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From Middle English enlargen, from Old French enlargier, enlargir.



enlarge (third-person singular simple present enlarges, present participle enlarging, simple past and past participle enlarged)

(Can we add an example for this sense?)

  1. (transitive) To make (something) larger.
  2. (intransitive) To grow larger.
  3. (transitive) To increase the capacity of; to expand; to give free scope or greater scope to; also, to dilate, as with joy, affection, etc.
    Knowledge enlarges the mind.
  4. (intransitive) To speak or write at length upon or on (some subject); expand; elaborate
    • 1664, Samuel Butler, Hudibras 2.2.68:
      I shall enlarge upon the Point.
    • 1926, T.E. Lawrence, Seven Pillars of Wisdom, New York: Anchor (1991), p. 167:
      He began to enlarge on the nature of the ground.
  5. (archaic) To release; to set at large.
    • a. 1587, Philippe Sidnei [i.e., Philip Sidney], “(please specify the page number)”, in Fulke Greville, Matthew Gwinne, and John Florio, editors, The Covntesse of Pembrokes Arcadia [The New Arcadia], London: [] [John Windet] for William Ponsonbie, published 1590, OCLC 801077108; republished in Albert Feuillerat, editor, The Countesse of Pembrokes Arcadia (Cambridge English Classics: The Complete Works of Sir Philip Sidney; I), Cambridge, Cambridgeshire: University Press, 1912, OCLC 318419127:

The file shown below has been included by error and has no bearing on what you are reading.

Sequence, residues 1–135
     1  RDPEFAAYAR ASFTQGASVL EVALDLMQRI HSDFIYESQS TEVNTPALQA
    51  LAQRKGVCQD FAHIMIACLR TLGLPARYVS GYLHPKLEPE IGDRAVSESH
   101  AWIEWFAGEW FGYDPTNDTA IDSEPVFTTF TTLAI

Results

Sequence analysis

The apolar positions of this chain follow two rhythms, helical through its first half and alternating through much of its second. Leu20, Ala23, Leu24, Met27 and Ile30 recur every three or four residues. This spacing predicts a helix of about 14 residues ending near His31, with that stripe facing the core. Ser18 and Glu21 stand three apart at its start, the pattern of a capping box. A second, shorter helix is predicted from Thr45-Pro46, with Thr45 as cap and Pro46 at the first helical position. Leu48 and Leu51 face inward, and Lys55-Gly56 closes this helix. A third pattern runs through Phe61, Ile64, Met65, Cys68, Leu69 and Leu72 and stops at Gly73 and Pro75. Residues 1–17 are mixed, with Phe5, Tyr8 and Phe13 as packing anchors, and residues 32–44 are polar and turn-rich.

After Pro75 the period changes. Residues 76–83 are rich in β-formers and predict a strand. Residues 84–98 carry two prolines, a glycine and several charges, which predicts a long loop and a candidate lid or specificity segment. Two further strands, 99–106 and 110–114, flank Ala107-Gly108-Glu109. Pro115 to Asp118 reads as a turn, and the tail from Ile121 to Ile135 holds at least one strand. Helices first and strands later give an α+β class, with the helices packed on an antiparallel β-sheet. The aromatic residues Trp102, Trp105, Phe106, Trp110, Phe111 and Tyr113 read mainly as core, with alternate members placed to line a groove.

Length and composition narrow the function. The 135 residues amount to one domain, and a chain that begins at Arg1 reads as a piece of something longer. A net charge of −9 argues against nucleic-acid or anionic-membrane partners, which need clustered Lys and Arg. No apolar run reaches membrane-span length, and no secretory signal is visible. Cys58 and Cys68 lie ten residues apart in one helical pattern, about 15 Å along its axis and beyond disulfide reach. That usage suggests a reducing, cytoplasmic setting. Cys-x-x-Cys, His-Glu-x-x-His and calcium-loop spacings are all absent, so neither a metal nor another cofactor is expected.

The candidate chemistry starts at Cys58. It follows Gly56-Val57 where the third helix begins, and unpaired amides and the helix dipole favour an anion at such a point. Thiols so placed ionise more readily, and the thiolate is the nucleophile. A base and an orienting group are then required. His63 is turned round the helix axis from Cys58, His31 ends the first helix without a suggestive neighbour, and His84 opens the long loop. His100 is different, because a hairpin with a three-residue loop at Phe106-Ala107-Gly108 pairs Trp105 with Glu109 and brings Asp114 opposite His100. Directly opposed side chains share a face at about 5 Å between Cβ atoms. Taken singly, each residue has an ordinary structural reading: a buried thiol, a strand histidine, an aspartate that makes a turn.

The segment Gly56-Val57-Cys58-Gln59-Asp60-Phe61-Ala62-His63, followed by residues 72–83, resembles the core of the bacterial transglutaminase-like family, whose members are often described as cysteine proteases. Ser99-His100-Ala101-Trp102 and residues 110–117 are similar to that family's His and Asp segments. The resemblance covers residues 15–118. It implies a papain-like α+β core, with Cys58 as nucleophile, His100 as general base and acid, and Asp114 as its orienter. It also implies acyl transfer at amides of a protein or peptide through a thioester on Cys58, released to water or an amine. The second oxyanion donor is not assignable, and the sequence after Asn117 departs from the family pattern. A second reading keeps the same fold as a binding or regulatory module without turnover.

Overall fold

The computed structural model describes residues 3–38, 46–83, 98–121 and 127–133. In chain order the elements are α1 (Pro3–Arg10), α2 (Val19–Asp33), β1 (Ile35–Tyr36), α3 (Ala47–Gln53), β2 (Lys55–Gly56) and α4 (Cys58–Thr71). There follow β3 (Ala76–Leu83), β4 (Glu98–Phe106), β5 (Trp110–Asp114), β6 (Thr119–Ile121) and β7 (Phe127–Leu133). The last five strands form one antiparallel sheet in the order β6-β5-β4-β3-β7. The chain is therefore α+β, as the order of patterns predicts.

Like a Lionesse lately enlarged.
    • 1596, Edmund Spenser, The Faerie Qveene. [], London: [] [John Wolfe] for VVilliam Ponsonbie, OCLC 960102938, book IV, canto 8:
      Finding no meanes how I might us enlarge, / But if that Dwarfe I could with me convay, / I lightly snatcht him up and with me bore away.
    • a. 1677, Isaac Barrow, Of Contentment (sermon):
      It will enlarge us from all restraints.
    • 1599, William Shakespeare, “The Life of Henry the Fift”, in Mr. William Shakespeares Comedies, Histories, & Tragedies [] (First Folio), London: [] Isaac Iaggard, and Ed[ward] Blount, published 1623, OCLC 606515358, [Act II, scene ii]:
      Uncle of Exeter, enlarge the man committed yesterday, that rail'd against our person. We consider it was excess of wine that set him on.
    • 1926, T.E. Lawrence, Seven Pillars of Wisdom, New York: Anchor (1991), p. 167:
      In hospital he gave his parole, and was enlarged after paying for the torn blanket.
    • 1953, Samuel Beckett, Watt
      In the morning, said Mr. Case, as soon as Mr. Gorman, or Mr. Nolan arrives, you will be let out, and free to come and go, as you please. Watt replied that that would indeed be something to look forward to, and a comfort to him during the night, the prospect of being enlarged, in the morning, by Mr. Gorman, or Mr. Nolan, and made free to come and go, as he listed.
  6. (nautical) To get more astern or parallel with the vessel's course; to draw aft; said of the wind.
  7. (law) To extend the time allowed for compliance with (an order or rule).
    • 1795, Charles Runnington, The History, Principles and Practice [] :
      the court would not take farther time to adjourn and deliberate, where the term was near spent, unless the parties would consent to enlarge it


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